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EVMWD Dams and Dam Safety

EVMWD owns two dams in its service area – the Canyon Lake Dam and the Lee Lake Dam – which it is responsible for operating, maintaining and repairing. The structures are inspected monthly by EVMWD staff and yearly by the Division of Safety of Dams (DSOD), an arm of the California Department of Water Resources, to ensure they are properly maintained and performing as intended.

Canyon Lake Dam

Canyon Lake Dam, also known as Railroad Canyon Dam, is a variable arch concrete structure built in 1928. In 1996, EVMWD spent about $9.1 million to upgrade and widen the dam to withstand a 1,000-year flood event. Canyon Lake Dam, like other dams across the state, has valves that allow water to be drained for maintenance and emergency purposes at its base. These valves do not function as a flood control measure. Rather, EVMWD uses these valves for flushing and maintenance. Regular exercising of these valves helps prevent major maintenance problems for the dam and are required to be opened when inspected by the State. The dam maintains the level of Canyon Lake Reservoir, an important drinking water source that is replenished primarily by rain. When the lake rises above the dam’s spillway at 1381.76 feet above sea level, water flows into the San Jacinto River.

Lee Lake Dam

The Lee Lake Dam was built decades ago of compacted soil and rock. Behind the dam is a man-made storage reservoir for non-drinking water. The small lake was used for agricultural irrigation and recreation, but during the statewide, five-year drought it dried up almost completely.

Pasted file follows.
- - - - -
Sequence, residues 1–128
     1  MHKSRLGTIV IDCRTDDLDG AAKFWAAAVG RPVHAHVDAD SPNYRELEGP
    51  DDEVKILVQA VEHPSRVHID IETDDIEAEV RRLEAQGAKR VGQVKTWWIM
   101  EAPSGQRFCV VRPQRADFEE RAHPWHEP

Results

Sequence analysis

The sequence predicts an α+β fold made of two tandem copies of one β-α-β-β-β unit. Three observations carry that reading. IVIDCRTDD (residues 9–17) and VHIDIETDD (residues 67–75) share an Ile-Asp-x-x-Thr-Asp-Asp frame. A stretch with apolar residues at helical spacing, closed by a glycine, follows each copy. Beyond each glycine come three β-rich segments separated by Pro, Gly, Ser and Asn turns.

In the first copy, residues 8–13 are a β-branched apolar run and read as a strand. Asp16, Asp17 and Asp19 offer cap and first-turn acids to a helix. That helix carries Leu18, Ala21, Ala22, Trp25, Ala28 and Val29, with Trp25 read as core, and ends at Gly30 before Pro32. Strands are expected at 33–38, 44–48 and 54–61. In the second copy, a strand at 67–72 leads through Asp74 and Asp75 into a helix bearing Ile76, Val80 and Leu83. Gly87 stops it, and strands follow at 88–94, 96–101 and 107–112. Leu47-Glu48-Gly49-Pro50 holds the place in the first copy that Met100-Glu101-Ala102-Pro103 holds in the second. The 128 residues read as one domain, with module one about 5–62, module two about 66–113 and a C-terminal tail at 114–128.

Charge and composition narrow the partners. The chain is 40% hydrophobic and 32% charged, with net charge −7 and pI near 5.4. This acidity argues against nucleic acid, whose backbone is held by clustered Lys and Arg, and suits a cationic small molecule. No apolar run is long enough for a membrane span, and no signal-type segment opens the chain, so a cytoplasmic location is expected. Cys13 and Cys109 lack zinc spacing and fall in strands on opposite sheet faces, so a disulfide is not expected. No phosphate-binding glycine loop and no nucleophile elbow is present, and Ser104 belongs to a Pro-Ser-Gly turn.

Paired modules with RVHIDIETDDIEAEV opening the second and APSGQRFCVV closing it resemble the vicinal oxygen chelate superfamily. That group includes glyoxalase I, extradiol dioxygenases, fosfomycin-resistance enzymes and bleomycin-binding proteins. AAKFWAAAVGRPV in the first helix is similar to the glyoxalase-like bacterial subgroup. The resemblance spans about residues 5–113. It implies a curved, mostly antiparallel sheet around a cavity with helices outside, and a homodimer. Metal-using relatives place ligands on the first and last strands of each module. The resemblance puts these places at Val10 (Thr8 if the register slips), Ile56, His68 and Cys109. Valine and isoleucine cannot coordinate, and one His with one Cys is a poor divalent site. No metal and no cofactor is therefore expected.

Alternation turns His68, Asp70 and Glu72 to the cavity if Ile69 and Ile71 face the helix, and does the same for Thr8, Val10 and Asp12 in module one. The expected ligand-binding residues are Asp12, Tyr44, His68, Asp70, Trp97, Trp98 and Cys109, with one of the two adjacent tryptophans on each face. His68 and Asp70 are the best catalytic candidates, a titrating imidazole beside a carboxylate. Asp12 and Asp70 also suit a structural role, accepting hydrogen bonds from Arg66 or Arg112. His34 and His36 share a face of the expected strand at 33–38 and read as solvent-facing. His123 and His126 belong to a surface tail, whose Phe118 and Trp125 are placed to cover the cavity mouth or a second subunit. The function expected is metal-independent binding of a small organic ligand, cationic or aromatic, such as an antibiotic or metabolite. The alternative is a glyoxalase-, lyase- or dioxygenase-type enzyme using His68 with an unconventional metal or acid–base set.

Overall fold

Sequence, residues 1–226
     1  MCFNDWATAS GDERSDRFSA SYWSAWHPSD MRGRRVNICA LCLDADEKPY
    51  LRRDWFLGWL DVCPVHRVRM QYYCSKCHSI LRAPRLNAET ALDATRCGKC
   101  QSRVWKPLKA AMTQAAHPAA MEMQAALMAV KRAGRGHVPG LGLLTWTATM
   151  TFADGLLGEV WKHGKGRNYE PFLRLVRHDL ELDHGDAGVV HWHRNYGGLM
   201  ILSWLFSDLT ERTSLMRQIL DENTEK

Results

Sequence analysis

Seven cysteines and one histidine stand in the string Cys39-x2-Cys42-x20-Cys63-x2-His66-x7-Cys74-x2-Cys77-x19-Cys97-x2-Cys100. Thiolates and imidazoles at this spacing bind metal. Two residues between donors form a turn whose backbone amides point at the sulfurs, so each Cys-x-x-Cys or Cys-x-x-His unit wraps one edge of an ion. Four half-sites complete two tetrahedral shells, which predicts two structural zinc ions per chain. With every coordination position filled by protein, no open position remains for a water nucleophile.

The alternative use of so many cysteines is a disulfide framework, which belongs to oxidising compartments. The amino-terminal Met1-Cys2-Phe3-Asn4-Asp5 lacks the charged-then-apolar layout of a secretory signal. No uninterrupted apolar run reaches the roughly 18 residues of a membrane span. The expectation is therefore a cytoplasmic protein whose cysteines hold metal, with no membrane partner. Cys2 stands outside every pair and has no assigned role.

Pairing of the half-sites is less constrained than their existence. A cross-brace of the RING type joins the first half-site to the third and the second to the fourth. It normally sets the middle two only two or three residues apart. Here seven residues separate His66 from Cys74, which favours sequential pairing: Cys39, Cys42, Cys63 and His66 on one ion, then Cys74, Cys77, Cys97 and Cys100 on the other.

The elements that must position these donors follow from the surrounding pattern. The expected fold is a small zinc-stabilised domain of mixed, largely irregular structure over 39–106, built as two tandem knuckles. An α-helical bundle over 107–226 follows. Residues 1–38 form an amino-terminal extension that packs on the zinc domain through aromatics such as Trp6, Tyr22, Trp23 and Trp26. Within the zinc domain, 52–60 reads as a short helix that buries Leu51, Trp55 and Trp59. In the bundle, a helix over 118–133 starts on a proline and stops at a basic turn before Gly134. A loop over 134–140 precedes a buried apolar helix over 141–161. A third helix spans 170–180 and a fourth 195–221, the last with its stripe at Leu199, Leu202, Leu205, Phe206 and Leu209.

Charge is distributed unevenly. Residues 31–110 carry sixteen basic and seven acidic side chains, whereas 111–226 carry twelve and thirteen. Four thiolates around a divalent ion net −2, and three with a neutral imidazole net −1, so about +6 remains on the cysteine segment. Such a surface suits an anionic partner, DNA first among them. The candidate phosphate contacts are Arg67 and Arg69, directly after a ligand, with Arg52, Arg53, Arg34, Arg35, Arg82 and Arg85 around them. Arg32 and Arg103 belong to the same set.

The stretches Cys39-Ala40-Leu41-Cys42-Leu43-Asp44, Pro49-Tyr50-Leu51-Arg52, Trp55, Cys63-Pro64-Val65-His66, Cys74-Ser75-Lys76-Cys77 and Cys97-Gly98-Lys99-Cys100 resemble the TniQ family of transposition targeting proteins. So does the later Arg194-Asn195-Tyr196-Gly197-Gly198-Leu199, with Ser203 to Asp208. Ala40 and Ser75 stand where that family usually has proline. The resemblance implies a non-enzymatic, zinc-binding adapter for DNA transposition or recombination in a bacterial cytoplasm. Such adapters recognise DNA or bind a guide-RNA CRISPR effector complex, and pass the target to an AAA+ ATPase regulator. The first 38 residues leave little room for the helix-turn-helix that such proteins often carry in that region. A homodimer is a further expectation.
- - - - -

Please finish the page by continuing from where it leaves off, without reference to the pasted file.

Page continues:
How do I know these dams are safe?
The structures are regularly monitored by third party engineers and EVMWD staff. They are also inspected by the Division of Safety of Dams, the state agency tasked with making sure such facilities are operating properly and would be able to withstand an earthquake or flood.

Do EVMWD’s dams meet requirements set by the Division of Safety of Dams?
Both facilities are properly maintained based on standards set when they were designed. Because of a recent change in the state’s evaluation criteria, the spillway at Lee Lake Dam is considered undersized. EVMWD is studying ways to update to the dam’s design.

Why does EVMWD keep the Lee Lake Dam if there’s no water behind it?
EVMWD evaluates its facilities monthly to monitor their condition and usefulness. The drying up of Lee Lake is a recent event, and the District is assessing options for the future of the dam and reservoir.  As a resident of Canyon Lake, should I be worried about flooding? Sometimes, when rains are heavy, residents will see water flowing over the dam’s spillway. The dam is designed to handle significant flows over the spillway. A recent evaluation performed by Division of Safety of Dams determined that the dam can withstand a 1000-yr flood event.

As a dam owner and operator, what are EVMWD’s responsibilities?

EVMWD is expected to regularly inspect dams to identify and resolve potential problems and ensure all parts are in working order. A dam owner also has to work with the Division of Safety of Dams to guarantee safety and compliance.

Learn more:
Managing the Dams at Canyon Lake and Lee Lake
State/ Federal Resources including inundation maps

Discover the true essence of Canyon Lake with our latest PSA video. Delve into the heart of why Canyon Lake stands as a vital drinking water reservoir, first and foremost, ensuring clean water for our EVMWD customers. While it offers recreational activities such as boating, fishing, and swimming, our video sheds light on its primary purpose: providing clean drinking water for our community. Join us as we unveil Canyon Lake’s pivotal role in our community’s water supply and its enduring significance for generations to come. Watch now to deepen your understanding of this essential reservoir.